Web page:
SDL is your bare bones graphics interface. It gives you primitives
like `draw-point`

, `draw-line`

,
and `draw-rectangle`

, but you're on your own if you want
to draw a circle. Naturally, I cribbed the code from
stackoverflow.

Small circles didn't look right — they were a little squarish. The code worked by walking along pixels in one direction and accumulating an error term. When the error term got large enough, it would be reset and the code would advance a step along the other pixel axis. The error term was computed using integer math so that the circle was drawn quickly. The problem is that the integer math has rounding error and the rounding error is noticable with small circles.

For reference, it is straightforward to draw an exact circle. A circle isn't a function, but circle segment between 0 and 45 degrees is a function. If we mirror that segment eight ways horizontally, vertically, and at 90 degrees, we'll get a full circle.

(defun eightfold-point (renderer center-x center-y x y) (sdl2:render-draw-point renderer (+ center-x x) (+ center-y y)) (sdl2:render-draw-point renderer (+ center-x x) (- center-y y)) (sdl2:render-draw-point renderer (- center-x x) (+ center-y y)) (sdl2:render-draw-point renderer (- center-x x) (- center-y y)) (sdl2:render-draw-point renderer (+ center-x y) (- center-y x)) (sdl2:render-draw-point renderer (+ center-x y) (+ center-y x)) (sdl2:render-draw-point renderer (- center-x y) (- center-y x)) (sdl2:render-draw-point renderer (- center-x y) (+ center-y x))) (defun draw-circle (renderer center-x center-y radius) (let ((r-squared (* radius radius))) (dotimes (x (1+ (ceiling (/ radius (sqrt 2))))) (eightfold-point renderer center-x center-y x (round (sqrt (- r-squared (* x x))))))))This gives much rounder looking circles than the code I cribbed from stackoverflow.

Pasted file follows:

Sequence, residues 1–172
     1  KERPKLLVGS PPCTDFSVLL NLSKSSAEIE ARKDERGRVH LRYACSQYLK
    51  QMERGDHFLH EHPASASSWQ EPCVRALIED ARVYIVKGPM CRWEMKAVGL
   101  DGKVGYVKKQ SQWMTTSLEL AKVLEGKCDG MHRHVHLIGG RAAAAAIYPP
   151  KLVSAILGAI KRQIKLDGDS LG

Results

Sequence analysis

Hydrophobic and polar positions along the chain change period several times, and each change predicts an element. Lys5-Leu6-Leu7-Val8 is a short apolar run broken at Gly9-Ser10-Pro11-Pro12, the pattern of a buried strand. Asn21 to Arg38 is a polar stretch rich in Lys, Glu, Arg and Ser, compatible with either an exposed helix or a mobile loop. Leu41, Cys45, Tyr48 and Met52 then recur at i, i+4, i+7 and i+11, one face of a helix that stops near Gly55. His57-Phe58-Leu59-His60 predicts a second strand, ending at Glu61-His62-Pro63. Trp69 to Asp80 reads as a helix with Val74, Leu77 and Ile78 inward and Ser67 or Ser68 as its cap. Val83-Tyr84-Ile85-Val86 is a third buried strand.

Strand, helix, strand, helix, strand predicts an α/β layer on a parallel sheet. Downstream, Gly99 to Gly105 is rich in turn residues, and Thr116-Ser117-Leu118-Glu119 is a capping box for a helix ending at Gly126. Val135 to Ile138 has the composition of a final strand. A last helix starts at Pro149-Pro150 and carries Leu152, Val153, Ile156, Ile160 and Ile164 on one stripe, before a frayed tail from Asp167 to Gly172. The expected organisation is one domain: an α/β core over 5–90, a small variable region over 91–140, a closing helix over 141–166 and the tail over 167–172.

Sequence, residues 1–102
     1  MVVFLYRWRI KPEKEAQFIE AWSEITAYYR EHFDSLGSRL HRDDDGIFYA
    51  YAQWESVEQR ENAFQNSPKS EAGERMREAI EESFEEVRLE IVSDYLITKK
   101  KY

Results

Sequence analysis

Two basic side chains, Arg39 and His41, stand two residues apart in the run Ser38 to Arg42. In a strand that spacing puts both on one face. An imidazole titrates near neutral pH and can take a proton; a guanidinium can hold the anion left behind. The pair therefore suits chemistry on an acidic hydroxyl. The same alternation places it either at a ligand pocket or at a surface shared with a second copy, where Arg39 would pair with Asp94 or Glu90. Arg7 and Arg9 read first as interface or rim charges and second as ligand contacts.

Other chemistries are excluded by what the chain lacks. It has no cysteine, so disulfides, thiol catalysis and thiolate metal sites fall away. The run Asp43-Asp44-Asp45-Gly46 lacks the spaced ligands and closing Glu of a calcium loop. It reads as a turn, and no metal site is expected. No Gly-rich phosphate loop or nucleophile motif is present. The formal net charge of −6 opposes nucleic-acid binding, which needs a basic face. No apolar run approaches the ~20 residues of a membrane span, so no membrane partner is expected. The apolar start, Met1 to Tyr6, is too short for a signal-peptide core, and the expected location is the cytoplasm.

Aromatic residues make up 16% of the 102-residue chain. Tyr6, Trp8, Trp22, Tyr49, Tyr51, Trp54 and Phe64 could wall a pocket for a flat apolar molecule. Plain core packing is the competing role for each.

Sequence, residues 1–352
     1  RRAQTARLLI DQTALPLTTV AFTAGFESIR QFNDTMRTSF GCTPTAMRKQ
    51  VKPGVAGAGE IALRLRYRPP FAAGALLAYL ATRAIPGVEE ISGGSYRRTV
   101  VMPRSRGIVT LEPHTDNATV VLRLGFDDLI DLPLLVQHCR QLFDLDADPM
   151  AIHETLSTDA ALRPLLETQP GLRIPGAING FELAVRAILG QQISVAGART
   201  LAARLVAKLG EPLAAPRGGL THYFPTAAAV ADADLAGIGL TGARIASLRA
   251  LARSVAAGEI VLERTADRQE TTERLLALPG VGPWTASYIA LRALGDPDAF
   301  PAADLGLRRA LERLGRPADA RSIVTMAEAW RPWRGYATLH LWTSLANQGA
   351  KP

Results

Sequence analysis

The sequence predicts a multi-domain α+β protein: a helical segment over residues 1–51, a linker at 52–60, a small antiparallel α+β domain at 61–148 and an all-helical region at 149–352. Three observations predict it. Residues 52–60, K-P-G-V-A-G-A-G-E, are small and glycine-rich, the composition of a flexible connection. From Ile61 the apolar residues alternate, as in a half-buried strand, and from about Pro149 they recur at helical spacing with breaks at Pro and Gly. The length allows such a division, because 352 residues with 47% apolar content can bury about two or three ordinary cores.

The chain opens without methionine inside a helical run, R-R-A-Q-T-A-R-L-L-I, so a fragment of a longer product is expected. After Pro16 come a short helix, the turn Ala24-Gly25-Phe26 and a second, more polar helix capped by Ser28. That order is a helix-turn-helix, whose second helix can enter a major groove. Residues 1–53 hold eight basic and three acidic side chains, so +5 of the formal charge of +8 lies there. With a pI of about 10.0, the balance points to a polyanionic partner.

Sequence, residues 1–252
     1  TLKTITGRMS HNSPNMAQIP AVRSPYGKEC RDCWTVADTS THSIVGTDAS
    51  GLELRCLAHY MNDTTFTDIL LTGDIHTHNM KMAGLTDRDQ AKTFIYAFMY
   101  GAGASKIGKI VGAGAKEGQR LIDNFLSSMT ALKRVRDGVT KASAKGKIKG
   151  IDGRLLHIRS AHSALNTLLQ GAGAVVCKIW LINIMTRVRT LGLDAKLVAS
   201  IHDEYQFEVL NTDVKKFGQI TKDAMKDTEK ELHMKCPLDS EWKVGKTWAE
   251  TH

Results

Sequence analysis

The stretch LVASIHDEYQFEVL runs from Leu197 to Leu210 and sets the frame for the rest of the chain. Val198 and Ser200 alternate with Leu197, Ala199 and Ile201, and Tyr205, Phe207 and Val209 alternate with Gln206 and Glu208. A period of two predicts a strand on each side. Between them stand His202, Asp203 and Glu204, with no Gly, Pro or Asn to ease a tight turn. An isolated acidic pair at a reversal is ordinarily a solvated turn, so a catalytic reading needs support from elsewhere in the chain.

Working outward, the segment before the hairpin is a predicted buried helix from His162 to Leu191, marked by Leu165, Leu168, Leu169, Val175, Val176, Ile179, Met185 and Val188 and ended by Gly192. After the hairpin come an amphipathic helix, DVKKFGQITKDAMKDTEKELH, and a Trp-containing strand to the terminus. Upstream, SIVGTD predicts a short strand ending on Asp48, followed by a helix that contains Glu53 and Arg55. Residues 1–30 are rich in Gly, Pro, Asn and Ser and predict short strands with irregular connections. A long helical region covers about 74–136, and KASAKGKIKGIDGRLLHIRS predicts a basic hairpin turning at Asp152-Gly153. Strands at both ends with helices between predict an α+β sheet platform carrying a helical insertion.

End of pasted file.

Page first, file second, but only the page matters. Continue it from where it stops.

The problem, of course, is that this code computes a square root on each iteration. These days, computers are fast and that's not a big issue, but let's try to improve things.

On each iteration, we are computing the square root of
r^{2}-x^{2}. This quantity changes between
iterations, but not by much. You can compute a square root pretty
quickly using Newton's method. The square root computed last
iteration isn't that far from the new square root, so we can use the
previous square root as the initial guess for Newton's method.
Since we started pretty close to the right answer, we only need a
single pass of Newton's method to get close enough to the
square root for the current iteration.

(defun average (a b) (/ (+ a b) 2)) (defun draw-circle1 (renderer center-x center-y radius) (let ((x-limit (ceiling (/ radius (sqrt 2))))) (do ((x 0 (1+ x)) (o 1 (+ o 2)) (r2-x2 (* radius radius) (- r2-x2 o)) (y radius (round (average y (/ (- r2-x2 o) y))))) ((> x x-limit)) (eightfold-point renderer center-x center-y x y))))

This gives us pretty round circles — rounder than the integer methods, but not as round as the sqrt method. It requires less arithmetic than the sqrt method, but more than the integer method. What is more annoying, squarish circles or the amount of time it takes to draw round ones?

## No comments:

Post a Comment